Organized crime becoming ubiquitous in poor urban communities and increasingly powerful thanks to a global economy
Organized crime is becoming increasingly globally connected and more powerful. In their capacity to grow they are changing the rules of daily life for poor communities in urban centers. Organized crime units are providing social services for communities where government has failed to do so, and at the same time are becoming increasingly embedded in everyday life of poor urban communities globally.
Sources:South Africa Node April 2011, pgs. 6-7
Erin Torkelson’s opinion piece:
Regional organized crime networks outmaneuver existing national response strategies
Organized crime in Latin America has grown in power, reach, and flexibility, and lack of regional coordination allows such networks to transfer activity from country to country to avoid specific national counter-measure strategies.
Sources:FORO Nacional/Internacional, May 2010, page 2: http://newsletters.clearsignals.org/RAND_May2010.pdf#page=2
See the agenda, documents and main conclusions at http://www.unodc.org/unodc/en/crime-congress/crime-congresses.html
United Nations Twelfth United Nations Congress on Crime Prevention and Criminal Justice (2010), Background paper: Workshop on Links between Drug Trafficking and Other Forms of Organized Crime, A/CONF.213/15, in http://www.unodc.org/documents/crime-congress/12th-Crime-Congress/Documents/A_CONF.213_15/V1051054e.pdf
See United Nations – Office on drugs and crime (2002), Results of a pilot survey of forty selected organized criminal groups in sixteen countries, Geneva: UNODC.
Human trafficking in West Africa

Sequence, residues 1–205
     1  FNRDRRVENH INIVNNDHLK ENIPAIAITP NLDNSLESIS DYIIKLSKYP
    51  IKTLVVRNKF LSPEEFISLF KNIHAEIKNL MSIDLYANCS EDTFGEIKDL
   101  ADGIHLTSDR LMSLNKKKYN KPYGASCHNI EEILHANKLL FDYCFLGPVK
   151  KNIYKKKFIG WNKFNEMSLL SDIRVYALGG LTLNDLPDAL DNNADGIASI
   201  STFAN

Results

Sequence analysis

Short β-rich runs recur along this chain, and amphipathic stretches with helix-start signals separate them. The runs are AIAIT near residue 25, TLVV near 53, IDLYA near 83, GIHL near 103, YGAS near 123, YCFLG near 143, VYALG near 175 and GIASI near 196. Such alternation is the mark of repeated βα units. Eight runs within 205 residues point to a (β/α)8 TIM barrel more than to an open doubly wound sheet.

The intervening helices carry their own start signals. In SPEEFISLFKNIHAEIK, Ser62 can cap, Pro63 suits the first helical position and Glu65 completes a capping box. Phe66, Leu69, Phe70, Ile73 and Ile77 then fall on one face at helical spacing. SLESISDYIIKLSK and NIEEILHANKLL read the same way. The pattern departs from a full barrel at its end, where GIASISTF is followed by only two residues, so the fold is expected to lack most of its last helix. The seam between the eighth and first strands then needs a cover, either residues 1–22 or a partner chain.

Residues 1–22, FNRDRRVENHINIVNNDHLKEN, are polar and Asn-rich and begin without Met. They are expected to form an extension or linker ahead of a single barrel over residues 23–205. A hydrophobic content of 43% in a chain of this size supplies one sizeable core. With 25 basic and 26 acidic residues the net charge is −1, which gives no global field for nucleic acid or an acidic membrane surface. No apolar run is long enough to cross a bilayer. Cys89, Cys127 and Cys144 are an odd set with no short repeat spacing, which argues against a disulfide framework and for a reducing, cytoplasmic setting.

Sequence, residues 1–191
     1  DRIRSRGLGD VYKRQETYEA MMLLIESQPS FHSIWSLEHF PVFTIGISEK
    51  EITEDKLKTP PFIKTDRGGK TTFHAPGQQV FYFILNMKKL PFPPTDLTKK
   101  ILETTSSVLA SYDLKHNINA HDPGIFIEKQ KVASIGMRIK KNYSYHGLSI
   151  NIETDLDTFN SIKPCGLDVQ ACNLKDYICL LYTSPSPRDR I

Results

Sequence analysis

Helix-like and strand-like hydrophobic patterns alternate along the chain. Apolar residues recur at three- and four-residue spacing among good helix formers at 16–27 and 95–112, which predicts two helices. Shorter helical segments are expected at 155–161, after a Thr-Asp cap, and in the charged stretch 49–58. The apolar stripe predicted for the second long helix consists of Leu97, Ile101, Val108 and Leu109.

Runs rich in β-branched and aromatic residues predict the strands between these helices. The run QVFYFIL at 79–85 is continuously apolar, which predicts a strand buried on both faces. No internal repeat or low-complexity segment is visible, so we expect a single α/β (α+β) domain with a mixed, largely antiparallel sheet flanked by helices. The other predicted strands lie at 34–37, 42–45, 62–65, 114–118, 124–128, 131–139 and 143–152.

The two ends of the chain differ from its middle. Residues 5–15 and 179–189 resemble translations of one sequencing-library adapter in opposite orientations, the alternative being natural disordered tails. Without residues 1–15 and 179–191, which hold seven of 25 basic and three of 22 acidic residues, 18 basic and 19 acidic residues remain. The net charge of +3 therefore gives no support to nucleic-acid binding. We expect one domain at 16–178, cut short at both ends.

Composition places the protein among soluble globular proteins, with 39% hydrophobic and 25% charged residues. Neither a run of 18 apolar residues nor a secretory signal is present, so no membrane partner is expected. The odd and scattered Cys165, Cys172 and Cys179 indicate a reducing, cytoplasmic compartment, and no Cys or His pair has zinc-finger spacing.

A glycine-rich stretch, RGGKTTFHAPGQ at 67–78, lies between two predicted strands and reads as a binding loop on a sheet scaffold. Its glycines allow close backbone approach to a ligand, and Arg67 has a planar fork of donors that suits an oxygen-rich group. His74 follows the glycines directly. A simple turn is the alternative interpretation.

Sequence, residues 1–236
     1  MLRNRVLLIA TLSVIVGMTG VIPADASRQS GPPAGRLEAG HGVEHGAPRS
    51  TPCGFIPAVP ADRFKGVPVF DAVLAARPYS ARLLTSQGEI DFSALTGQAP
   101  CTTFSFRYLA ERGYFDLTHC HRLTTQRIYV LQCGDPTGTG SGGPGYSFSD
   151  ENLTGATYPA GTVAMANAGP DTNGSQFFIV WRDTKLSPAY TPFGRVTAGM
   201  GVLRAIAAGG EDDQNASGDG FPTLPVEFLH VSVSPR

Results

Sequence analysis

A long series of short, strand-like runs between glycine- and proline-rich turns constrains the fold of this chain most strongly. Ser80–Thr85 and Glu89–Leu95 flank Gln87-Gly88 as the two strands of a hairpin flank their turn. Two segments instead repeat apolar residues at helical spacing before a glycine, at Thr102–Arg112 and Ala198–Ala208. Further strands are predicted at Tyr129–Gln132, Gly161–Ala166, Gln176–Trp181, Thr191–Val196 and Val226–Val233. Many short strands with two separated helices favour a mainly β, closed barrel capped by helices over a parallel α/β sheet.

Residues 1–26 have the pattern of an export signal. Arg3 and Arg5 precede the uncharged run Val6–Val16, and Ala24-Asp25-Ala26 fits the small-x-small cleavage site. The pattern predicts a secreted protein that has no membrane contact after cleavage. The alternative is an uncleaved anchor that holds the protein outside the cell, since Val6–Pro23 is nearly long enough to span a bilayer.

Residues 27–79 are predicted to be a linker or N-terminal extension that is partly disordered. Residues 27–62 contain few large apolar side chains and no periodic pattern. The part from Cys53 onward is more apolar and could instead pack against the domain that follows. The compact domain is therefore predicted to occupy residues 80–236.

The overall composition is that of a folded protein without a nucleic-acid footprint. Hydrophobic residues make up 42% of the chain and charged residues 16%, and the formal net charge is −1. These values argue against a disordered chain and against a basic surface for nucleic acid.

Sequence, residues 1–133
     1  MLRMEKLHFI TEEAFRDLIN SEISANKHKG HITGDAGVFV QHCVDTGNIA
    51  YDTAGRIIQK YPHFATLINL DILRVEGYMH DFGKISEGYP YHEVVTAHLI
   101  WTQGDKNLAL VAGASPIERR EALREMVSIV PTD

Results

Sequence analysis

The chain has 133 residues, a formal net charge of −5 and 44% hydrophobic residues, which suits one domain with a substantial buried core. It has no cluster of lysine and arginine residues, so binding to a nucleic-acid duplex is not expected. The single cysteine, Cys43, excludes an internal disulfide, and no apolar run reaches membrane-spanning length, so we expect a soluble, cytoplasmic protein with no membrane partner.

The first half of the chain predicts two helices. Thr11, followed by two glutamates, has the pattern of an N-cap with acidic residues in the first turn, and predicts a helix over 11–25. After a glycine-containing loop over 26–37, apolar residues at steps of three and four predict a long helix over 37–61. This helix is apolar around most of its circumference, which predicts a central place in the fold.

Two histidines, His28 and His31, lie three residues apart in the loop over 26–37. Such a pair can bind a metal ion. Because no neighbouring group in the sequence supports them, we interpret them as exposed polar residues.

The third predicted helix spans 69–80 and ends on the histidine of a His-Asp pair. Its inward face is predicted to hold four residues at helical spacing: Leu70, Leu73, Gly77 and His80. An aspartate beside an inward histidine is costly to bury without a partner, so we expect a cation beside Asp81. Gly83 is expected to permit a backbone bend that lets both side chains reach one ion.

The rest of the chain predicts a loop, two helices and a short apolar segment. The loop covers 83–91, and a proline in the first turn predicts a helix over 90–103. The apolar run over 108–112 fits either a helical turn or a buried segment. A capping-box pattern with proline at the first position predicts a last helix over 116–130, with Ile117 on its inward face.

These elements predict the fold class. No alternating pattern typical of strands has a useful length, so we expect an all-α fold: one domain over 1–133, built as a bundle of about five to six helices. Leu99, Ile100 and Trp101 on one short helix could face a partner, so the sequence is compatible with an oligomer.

Human trafficking in West Africa might have a dismal future, which can exacerbate other human rights challenges and increasing the need for serious attention.
Paul Ahiave of CDD writes,
Sources:Searchlight Centre for Democracy and Development, Oct 2010, pg 6:
Bangladesh faces the permanence of slums
"Every year, around 300,000-400,000 new migrants flock into Dhaka, the bulk of which come from rural, underprivileged backgrounds and are seeking employment opportunities in the city's fast-growing manufacturing and service sectors. However, the reality they face upon arrival is grim--unable to afford decent housing, they are forced to move into large, illegal settlements.
Sources:Searchlight South Asia by Intellecap; pg. 3
Crime in Rapidly Growing Inner Cities on the Rise in Latin America
Urbanization at a rate beyond the absorption capacity of already existing cities has for a long time been known as a major issue in developing countries, in part because it is connected with increased rates of crime. While "crime in urban areas in South America reached alarming levels during the 1980s ... the situation has radically changed in the 2000s: crime is consolidating as an urban phenomenon ... in regional cities."
Sources:FORO Nacional International, August 2010, pg. 3: